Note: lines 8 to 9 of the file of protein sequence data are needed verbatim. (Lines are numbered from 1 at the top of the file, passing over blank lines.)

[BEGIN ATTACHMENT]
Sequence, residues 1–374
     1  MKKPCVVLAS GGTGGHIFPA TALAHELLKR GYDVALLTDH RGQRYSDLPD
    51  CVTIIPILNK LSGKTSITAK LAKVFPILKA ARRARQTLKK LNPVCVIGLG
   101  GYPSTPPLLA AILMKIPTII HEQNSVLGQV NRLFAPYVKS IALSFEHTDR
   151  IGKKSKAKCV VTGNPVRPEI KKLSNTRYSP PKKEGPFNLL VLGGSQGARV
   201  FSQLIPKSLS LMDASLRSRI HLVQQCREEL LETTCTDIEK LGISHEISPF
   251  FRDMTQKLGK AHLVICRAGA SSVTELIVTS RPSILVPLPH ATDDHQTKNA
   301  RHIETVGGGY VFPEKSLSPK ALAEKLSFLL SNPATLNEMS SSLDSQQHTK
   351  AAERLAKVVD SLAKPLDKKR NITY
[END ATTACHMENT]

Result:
   301  RHIETVGGGY VFPEKSLSPK ALAEKLSFLL SNPATLNEMS SSLDSQQHTK
   351  AAERLAKVVD SLAKPLDKKR NITY